Research has proven that K-3 students in smaller classes achieve higher levels of academic excellence than cohorts in larger classes. That does not mean, however, that all cuts can be made at the secondary level without dire consequences. Consequences include overcrowding classrooms designed for 35 or less, fewer course choices to facilitate timely graduation and academic rigor, and safety and security issues inherent to reducing the student-to-adult ratio in our schools.
2. Competitive pay and benefits are required to retain our best teachers and education professionals and attract new and highly motivated graduates. Our students rely on a multitude of professionals and trained adults compensated partially through EP&O dollars.
Teachers, para-educators, secretaries, AmeriCorps volunteers, security officers and custodians play key roles in upholding a safe and positive learning environment. If your employer began actions to reduce salaries and the number of employees, wouldn’t you seek employment elsewhere to ensure your family’s financial security?
3. Student instructional programs such as AVID, ROTC, International Baccalaureate, Cambridge and Advanced Placement are supported by levy dollars. In addition, EP&O funds cover the cost of PSAT and SAT tests to ensure that every FWPS student has an opportunity to practice and succeed on these high-stakes exams.
I agree with other community members that much work needs to be done to better prepare a larger percentage of FWPS students to complete college and technical vocational degrees. At the same time, many successful students take full advantage of these levy-funded programs.
4. Music and athletics are also funded in part by EP&O dollars. You will find strong music and athletic programs at every level in Federal Way schools. These programs challenge students outside of core academics and, at the same time, enhance reading, math, communication, time management and social skills students apply to success in and out of the classroom.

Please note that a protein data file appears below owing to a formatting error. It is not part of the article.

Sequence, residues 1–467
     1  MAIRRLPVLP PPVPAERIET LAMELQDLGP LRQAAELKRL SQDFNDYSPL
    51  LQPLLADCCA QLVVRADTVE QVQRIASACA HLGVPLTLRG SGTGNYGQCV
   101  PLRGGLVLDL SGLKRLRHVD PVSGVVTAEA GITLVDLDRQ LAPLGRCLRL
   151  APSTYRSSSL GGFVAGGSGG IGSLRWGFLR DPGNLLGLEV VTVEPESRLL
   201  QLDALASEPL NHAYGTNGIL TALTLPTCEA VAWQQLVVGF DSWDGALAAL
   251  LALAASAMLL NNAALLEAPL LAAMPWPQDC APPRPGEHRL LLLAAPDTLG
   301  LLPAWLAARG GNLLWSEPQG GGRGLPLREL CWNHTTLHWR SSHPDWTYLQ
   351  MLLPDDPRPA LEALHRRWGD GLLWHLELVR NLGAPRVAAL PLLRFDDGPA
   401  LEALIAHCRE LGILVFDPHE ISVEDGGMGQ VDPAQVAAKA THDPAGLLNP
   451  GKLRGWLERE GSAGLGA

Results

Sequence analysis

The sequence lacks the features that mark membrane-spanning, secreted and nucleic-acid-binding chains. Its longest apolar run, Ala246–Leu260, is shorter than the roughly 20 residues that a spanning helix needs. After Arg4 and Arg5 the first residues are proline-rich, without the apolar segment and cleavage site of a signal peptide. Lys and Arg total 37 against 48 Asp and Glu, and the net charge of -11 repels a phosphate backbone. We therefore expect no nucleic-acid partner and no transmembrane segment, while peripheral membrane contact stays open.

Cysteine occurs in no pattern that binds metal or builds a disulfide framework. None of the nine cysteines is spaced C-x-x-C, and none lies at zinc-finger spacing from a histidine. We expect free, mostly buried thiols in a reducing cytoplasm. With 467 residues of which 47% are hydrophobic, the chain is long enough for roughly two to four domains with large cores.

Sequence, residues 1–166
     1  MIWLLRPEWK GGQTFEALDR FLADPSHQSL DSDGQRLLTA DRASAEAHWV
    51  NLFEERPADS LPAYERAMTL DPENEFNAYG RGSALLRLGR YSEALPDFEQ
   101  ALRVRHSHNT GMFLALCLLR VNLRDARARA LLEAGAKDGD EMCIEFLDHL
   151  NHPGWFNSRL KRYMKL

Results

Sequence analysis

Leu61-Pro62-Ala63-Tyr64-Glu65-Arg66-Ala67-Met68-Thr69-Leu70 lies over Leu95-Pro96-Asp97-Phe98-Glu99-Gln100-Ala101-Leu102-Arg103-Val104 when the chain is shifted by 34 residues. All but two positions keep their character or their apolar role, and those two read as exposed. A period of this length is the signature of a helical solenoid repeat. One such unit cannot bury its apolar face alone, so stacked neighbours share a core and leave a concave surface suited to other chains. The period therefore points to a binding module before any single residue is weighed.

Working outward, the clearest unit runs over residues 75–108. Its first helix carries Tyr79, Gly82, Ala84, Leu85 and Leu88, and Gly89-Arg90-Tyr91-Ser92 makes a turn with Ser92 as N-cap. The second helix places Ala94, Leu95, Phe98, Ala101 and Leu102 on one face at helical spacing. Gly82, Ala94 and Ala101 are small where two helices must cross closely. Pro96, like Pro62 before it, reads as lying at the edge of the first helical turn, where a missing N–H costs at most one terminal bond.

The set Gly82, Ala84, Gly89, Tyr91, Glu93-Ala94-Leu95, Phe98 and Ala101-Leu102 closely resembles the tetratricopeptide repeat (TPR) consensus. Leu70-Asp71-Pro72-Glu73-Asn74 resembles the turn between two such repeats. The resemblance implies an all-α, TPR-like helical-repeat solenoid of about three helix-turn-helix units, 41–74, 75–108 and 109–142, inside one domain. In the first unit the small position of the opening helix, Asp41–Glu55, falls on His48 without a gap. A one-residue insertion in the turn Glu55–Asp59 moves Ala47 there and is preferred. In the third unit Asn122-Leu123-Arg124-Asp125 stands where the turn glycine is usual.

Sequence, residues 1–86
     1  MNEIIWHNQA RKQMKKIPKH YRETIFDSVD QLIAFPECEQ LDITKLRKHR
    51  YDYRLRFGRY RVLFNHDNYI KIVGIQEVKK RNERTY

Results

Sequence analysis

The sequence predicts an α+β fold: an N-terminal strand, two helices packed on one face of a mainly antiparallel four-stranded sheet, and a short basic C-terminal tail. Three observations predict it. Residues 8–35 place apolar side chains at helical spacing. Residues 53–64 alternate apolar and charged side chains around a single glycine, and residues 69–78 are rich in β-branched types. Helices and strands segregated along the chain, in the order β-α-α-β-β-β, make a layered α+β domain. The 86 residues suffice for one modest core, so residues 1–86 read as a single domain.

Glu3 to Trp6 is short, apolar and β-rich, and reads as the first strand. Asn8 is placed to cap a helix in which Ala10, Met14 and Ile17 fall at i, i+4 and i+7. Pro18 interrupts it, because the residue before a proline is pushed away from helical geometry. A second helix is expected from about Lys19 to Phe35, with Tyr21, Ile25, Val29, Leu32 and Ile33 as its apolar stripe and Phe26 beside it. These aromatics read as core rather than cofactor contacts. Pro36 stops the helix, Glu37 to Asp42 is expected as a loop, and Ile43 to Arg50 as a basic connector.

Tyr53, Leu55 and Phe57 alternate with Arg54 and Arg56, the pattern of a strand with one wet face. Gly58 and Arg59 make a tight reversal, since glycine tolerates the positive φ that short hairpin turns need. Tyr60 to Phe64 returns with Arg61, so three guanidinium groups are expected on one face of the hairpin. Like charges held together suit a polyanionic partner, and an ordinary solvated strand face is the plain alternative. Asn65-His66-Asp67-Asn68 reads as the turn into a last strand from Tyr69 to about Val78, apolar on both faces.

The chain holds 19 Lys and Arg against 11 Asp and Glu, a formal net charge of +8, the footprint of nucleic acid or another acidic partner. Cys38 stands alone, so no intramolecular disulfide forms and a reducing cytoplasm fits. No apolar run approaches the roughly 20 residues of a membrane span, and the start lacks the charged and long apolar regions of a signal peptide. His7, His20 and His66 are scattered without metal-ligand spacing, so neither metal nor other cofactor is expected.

Strong schools are the cornerstone of a thriving community, and Federal Way students have benefitted from operational levies for more than two decades. I believe failure of voters to support local funding for schools this year will resound less with the school board and district administrators and more with the students, residents, homeowners and business owners who experience the “unintended consequences.”
For this reason, I appeal to Federal Way citizens to vote “yes” for the EP&O levy. Preserve local funding and seek alternate avenues to communicate and influence change with regard to controversial spending and policy implementation.
If you are still concerned about how FWPS is spending your tax dollars, please join parents across the school district in sharing concerns and solutions. Through the recent success to influence change to the FWPS grading system mid-year, we found there are many informed community members, parents, staff and students willing to stand up and work towards positive change. Two parents launched a website with forums in a searchable blog format to facilitate exchange of information and constructive public debate at www.fwschools.org.
Let’s work together towards positive change in fiscal responsibility, policy implementation and accountability for the school district to produce results, while ensuring local funds are available to offer our students the best public education possible. Vote “yes” for schools.
Angela Worcester is a parent in the Federal Way school district.